Alice Groth (from left), Otto Ringle and Suzanne Pfau were recently in Peru to climb Machu Picchu.

The brother-sister pair of Suzanne (Ringle) Pfau and Otto Ringle, and their friend Alice Groth, recently returned from a visit to Machu Picchu, an Incan archaeological site in Peru, South America.

The site holds the ruins of buildings constructed in the 1400s, and is located about 12,000 feet high in the Andes Mountains, about 50 miles from Cusco, the former Inca capital.

Despite their many years, Alice and Suzanne were fortunate enough to be able to observe the homes of the Incan royalty, while 88 year-old Otto had to be content with nursing a tank of oxygen, because of the intense elevation.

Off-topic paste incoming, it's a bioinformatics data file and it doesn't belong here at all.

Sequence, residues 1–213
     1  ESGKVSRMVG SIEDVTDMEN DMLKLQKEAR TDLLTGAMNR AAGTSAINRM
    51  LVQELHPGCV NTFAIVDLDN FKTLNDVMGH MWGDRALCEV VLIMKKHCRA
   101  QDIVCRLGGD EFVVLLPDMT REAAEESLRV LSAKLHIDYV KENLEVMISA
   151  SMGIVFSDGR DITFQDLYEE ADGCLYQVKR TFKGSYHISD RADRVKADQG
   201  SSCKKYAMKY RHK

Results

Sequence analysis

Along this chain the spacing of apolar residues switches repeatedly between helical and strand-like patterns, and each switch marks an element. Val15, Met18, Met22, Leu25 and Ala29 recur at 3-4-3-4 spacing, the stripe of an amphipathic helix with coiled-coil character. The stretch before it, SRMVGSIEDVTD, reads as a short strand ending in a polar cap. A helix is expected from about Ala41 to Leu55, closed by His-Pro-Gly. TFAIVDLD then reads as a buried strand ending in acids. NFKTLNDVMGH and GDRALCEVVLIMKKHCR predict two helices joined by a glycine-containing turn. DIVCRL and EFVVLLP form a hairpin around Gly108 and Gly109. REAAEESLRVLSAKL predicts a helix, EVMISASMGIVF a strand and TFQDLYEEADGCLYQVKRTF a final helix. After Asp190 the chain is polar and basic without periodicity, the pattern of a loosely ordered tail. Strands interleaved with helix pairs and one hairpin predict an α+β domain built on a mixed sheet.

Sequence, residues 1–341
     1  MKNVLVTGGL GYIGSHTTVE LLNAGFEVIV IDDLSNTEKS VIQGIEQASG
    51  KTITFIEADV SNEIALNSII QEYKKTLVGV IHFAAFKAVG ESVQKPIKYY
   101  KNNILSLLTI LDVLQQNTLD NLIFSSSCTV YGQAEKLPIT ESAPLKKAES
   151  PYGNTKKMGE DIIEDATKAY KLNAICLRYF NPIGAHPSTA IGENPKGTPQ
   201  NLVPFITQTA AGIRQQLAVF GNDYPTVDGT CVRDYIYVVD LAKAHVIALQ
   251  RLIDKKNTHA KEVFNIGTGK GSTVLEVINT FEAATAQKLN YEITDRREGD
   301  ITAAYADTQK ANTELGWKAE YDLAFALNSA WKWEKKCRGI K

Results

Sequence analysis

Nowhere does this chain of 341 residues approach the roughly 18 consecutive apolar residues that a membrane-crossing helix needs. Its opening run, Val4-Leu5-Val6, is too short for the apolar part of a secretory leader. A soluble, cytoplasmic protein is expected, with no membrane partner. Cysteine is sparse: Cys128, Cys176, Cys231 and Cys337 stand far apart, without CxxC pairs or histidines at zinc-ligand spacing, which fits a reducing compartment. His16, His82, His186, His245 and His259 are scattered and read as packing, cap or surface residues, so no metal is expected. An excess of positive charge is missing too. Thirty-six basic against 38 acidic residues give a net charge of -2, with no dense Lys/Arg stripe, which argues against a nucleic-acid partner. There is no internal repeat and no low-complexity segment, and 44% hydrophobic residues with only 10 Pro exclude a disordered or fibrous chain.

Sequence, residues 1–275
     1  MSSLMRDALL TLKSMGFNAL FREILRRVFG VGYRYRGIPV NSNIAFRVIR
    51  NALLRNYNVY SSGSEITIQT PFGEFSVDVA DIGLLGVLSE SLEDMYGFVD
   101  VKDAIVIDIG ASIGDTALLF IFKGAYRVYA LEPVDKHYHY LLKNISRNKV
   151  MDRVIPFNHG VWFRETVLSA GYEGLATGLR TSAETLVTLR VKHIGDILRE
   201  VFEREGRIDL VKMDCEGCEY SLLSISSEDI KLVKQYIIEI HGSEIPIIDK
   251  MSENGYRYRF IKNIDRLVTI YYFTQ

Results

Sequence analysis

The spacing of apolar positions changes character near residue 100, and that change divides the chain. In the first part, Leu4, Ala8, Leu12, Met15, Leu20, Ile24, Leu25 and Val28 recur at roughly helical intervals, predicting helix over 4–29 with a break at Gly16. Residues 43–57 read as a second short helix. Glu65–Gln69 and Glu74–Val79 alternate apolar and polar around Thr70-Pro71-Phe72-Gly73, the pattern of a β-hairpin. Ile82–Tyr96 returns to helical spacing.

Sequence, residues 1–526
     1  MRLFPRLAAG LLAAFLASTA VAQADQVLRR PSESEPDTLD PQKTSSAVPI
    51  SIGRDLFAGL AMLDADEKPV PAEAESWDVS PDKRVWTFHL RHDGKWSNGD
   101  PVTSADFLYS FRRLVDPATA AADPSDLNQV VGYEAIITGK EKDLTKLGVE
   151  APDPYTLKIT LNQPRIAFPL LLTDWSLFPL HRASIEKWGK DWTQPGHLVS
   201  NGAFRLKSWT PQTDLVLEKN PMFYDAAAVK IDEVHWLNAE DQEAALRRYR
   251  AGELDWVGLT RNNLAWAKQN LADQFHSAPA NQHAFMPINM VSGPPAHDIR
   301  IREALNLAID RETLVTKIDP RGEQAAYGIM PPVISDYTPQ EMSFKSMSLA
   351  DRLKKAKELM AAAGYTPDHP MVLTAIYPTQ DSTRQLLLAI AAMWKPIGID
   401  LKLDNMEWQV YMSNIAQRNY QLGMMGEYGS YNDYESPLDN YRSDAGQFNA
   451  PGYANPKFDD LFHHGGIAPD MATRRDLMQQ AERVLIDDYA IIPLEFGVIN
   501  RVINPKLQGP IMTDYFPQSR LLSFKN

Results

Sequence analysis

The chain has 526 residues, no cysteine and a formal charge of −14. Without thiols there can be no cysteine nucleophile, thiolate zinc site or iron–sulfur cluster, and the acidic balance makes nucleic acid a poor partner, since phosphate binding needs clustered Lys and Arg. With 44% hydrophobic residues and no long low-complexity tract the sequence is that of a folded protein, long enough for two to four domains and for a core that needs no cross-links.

Nevertheless, he was still able to observe the houses of the farmers, weavers and servants who worked for the royal family at only a few feet below. The rock construction so many years ago without mechanical assistance is unbelievable.

Construction of Machu Picchu began about 1438, when Incan ruler, “Pachacuti” defeated enemy tribes in the region. Machu Picchu, however, was abandoned when the Spanish Conquistadores began their conquest of the Inca in 1532.

The archaeological importance of the magnificent and unbelievable site was first recognized in 1911, when American explorer Hiram Bingham visited the site. Today, Peru’s government now sponsors research and reconstruction there, and the site has become Peru’s primary tourist attraction.

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